One in five cancer patients in Spain undiagnosed due to pandemic.
Oncologists fear the arrival of more advanced tumors in the health system, with fewer therapeutic options and greater commitment to survival.
THE Spanish Society of Medical Oncology (SEOM) today (Monday, February 1) recommended these people not to be afraid to attend consultations.
The president of SEOM, Dr. Álvaro Rodríguez-Lescure, assured that “it is essential to guarantee the continuity of care, diagnosis, and treatment of serious non-Covid diseases, such as cancer, to avoid excess mortality from these diseases “.
The concerning figure was revealed during an online presentation of the report ‘Cancer figures in Spain 2021’ published by the SEOM, in collaboration with the Spanish Network of Cancer Registries (Redecan), using data from Global Cancer Observatory (CGO), International Agency for Cancer Research (IARC) of the World Health Organisation (WHO), the National Institute of Statistics (INE) and Globocan-2020.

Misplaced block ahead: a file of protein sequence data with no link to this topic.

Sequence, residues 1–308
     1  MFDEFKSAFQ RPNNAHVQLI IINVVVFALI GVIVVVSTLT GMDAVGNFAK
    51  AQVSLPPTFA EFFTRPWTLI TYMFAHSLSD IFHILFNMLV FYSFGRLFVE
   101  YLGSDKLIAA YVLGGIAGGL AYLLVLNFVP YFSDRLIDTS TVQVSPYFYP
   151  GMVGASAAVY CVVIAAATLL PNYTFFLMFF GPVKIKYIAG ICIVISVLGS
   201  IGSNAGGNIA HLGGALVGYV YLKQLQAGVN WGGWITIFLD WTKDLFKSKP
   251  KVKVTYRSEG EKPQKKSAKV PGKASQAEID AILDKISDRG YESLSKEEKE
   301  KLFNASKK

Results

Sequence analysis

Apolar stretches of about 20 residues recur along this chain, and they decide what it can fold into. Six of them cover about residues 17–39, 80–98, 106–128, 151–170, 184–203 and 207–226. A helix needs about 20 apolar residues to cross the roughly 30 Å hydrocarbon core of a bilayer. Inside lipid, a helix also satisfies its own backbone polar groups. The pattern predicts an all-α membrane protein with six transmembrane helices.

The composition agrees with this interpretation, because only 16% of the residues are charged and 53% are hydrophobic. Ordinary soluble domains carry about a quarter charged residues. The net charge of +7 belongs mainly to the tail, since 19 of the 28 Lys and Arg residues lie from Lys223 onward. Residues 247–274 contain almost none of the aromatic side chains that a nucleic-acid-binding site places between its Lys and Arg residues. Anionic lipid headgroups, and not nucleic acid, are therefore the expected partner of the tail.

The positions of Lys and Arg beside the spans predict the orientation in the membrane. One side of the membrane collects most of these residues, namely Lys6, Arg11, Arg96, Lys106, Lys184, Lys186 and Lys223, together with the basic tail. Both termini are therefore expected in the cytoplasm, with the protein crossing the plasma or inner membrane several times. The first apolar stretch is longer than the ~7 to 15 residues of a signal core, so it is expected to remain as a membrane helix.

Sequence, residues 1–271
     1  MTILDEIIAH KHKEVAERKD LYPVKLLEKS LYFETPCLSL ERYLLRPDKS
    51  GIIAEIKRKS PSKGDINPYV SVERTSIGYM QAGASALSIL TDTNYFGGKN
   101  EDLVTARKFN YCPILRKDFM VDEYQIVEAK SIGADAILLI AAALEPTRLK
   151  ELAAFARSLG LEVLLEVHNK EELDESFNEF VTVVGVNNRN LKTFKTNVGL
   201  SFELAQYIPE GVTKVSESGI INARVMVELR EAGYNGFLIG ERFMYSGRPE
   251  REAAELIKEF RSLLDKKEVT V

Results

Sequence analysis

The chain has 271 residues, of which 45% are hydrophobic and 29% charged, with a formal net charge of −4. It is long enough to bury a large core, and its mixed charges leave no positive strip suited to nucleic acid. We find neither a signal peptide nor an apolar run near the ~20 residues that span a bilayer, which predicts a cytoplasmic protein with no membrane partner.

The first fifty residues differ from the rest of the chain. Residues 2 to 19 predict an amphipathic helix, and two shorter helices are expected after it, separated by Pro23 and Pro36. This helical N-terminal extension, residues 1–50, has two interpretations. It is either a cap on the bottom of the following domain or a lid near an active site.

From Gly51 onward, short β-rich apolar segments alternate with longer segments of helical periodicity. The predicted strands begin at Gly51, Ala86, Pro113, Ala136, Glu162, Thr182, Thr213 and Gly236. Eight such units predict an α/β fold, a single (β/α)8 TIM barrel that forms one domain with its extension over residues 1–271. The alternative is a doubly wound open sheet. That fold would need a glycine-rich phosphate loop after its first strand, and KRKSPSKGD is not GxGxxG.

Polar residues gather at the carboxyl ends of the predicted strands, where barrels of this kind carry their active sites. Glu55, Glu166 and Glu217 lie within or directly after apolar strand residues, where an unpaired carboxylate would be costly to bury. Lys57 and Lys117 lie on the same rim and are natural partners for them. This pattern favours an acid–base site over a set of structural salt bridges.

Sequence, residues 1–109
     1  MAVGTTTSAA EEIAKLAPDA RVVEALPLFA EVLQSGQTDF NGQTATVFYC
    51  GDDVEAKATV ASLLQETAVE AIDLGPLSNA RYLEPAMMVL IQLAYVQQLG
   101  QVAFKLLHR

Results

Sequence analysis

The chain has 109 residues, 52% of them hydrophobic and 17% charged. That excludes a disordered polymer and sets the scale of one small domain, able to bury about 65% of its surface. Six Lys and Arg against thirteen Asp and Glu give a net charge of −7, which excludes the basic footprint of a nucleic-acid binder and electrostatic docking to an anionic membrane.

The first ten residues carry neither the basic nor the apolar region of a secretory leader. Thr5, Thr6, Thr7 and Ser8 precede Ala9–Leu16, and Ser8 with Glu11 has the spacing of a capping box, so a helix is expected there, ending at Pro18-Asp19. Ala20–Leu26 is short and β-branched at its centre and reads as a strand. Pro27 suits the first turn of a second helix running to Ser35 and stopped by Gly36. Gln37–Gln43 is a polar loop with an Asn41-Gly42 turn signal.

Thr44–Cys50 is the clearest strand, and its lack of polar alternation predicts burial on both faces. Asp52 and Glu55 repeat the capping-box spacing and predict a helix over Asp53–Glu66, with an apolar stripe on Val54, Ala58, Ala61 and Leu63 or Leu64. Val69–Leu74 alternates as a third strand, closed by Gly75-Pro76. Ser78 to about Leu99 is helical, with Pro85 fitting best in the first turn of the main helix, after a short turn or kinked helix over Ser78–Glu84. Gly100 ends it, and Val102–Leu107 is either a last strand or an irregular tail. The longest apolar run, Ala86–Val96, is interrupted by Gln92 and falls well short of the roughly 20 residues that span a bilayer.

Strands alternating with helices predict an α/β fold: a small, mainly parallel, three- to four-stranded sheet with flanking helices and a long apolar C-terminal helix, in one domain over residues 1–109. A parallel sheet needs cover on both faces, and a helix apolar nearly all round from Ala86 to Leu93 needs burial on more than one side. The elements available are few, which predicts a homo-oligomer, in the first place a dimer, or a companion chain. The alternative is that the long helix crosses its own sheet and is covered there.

Dr Rodríguez-Lescure stated that around 20 per cent of people with cancer are not diagnosed due to the pandemic.
“Due to Covid-19, the patients who are within the healthcare circuit have undergone a readjustment to an exceptional situation, and at the Oncology Services we have prioritised telephone assistance and have adjusted treatments to minimise risks”.
“The problem lies in those future patients who are out of the system and who are in limbo because the delays in cancer diagnoses have a very negative impact on the results and on the options and opportunities we have for treatments to affect the survival and palliation “.
For this reason, Dr Rodríguez-Lescure stressed that with a lower diagnosis rate, “we are concerned the tumors will arrive in more advanced stages”.
SEOM said there is a vital need to allocate the necessary resources, both human and technical, technological and diagnostic, to avoid delays in new cases of cancer and loss of opportunity for cure in cancer patients.
Based on the report’s data, it is forecasted there will be 276,239 new cases (158,867 new in men and 117,372 in women) in 2021.
“We know that the number of new cancer cases will increase in the coming years. To the continuous increase in new cases that we have verified, we must add the delay of 21 per cent of new undiagnosed cases during the first wave of the pandemic,” agreed Dr. Jaume Galcerán of Redecan.
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